Adaptive Cruise Control
How does it work?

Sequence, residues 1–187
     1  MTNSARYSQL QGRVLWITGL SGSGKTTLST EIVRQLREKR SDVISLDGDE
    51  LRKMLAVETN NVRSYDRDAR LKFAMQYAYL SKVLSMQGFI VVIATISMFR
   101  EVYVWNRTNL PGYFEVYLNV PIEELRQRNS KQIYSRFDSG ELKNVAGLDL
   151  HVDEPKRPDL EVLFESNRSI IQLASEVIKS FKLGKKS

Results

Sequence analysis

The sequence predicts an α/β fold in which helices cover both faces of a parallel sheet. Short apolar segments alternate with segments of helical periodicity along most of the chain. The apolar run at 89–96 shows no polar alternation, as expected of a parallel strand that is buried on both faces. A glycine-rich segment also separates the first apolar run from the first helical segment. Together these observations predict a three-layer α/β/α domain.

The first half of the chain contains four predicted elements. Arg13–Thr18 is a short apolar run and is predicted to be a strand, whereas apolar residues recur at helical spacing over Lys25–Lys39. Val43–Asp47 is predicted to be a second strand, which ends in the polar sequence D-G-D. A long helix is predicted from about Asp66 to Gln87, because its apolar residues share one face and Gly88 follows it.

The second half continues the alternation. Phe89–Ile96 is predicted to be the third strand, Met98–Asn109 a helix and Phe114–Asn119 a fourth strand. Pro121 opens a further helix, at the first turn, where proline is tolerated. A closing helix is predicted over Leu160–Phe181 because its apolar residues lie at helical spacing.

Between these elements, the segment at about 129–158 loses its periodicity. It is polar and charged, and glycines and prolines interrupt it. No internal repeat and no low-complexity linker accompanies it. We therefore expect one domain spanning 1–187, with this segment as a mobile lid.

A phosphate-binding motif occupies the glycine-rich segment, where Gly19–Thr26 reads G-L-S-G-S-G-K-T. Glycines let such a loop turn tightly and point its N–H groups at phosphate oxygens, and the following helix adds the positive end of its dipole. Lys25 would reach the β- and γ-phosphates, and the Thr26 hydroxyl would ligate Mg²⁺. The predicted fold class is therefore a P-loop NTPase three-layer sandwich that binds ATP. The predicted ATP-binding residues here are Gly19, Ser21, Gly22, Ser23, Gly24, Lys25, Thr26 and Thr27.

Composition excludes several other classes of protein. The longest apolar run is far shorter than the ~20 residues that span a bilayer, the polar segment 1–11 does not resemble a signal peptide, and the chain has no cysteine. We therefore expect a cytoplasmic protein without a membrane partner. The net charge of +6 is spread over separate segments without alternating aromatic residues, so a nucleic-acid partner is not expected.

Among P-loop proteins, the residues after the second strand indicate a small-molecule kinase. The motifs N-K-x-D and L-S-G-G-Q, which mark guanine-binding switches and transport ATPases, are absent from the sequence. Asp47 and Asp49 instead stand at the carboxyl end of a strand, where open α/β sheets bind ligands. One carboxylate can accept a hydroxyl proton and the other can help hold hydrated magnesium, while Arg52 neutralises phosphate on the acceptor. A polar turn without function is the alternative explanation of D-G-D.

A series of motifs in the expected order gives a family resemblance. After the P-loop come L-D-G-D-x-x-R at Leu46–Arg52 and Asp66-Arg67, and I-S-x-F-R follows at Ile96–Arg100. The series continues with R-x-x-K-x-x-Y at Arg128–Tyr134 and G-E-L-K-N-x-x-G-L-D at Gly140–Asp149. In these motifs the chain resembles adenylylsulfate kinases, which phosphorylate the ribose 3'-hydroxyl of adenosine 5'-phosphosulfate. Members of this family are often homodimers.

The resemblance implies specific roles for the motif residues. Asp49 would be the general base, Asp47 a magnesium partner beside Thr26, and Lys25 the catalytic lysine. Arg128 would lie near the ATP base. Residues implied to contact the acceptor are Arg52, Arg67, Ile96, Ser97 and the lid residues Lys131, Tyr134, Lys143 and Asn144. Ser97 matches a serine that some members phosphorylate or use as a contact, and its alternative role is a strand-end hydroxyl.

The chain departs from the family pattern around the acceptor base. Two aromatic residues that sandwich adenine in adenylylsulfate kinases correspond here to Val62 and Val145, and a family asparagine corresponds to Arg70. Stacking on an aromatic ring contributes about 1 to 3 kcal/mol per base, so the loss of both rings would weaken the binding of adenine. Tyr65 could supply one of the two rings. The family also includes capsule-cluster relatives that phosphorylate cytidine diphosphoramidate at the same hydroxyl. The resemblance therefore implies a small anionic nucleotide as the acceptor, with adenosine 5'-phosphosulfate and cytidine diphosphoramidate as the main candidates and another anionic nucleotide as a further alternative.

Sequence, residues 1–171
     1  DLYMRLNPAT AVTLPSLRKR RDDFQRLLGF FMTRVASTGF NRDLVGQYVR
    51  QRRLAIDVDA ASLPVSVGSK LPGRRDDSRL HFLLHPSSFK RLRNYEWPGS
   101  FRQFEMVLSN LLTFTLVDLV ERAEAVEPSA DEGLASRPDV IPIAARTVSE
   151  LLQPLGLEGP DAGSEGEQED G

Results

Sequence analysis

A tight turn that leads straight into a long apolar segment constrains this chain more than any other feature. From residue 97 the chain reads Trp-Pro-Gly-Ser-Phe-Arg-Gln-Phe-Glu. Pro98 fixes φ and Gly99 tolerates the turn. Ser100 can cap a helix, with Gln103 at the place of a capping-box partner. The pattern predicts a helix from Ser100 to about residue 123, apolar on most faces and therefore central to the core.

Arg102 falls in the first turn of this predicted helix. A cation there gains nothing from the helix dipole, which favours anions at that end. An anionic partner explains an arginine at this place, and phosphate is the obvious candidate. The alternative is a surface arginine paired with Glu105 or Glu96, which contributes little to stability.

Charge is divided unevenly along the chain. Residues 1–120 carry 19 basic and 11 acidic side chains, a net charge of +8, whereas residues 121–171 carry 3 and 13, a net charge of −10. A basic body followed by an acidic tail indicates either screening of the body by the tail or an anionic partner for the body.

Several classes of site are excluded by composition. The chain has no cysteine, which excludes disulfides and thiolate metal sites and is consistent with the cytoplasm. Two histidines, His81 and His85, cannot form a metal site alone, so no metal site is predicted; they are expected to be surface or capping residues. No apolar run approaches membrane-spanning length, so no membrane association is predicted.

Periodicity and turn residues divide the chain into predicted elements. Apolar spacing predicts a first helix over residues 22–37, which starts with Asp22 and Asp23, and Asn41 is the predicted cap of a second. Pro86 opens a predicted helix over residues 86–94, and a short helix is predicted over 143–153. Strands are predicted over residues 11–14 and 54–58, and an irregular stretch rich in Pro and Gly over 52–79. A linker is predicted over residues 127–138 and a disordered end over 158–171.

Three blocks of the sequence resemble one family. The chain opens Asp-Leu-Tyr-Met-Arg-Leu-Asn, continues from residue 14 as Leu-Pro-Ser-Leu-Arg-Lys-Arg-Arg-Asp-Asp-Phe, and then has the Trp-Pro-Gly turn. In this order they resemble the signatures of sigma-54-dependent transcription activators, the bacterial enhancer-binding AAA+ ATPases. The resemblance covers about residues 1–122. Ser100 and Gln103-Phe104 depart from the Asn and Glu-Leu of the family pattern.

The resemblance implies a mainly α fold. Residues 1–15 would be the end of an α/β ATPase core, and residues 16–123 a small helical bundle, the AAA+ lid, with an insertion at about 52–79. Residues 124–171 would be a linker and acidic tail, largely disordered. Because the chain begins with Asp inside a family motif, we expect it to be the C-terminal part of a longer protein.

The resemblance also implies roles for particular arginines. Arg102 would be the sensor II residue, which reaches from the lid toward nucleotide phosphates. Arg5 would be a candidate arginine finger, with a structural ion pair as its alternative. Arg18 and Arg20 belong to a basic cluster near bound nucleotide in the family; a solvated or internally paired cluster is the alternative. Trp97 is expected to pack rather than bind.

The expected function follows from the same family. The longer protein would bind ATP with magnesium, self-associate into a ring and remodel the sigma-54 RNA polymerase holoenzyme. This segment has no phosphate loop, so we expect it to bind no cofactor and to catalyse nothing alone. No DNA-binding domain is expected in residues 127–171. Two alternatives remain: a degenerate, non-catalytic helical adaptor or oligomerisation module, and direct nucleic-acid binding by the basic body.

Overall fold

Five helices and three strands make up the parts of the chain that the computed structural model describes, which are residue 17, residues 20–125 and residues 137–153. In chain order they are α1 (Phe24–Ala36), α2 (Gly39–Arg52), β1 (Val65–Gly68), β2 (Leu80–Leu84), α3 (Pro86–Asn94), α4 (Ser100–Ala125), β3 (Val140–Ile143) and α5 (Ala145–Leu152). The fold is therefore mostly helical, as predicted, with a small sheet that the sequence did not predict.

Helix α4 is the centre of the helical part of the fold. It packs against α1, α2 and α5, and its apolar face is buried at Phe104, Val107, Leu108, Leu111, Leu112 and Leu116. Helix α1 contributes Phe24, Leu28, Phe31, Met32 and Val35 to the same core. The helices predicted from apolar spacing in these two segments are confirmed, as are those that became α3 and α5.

Adaptive Cruise Control (ACC) is an intelligent form of cruise control that maintains a safe distance to traffic ahead. It is also known as autonomous cruise control, active cruise control, intelligent cruise control and radar cruise control. ACC works by scanning the road ahead with a laser or radar system and automatically slows down or speeds up the car. To use ACC, turn it on, set the desired speed, and adjust the distance with the “set” and “+” or “-” buttons. The car notifies the driver to apply the brakes if the car ahead gets close. Unlike traditional cruise control, ACC adapts to the road ahead. It is usually laser- or radar-based and can cover ranges of up to 200m. ACC has advantages of maintaining a safe gap from traffic and is great on busy roads, but cars with ACC are more expensive and the systems can be affected by weather or slippery roads. ACC is a great extra layer of safety and can provide fuel savings due to steadier speeds, but the driver still bears responsibility for safe driving. Those who travel frequently on busy roads and want the latest tech should consider ACC, and insurers may account for it in their underwriting algorithms.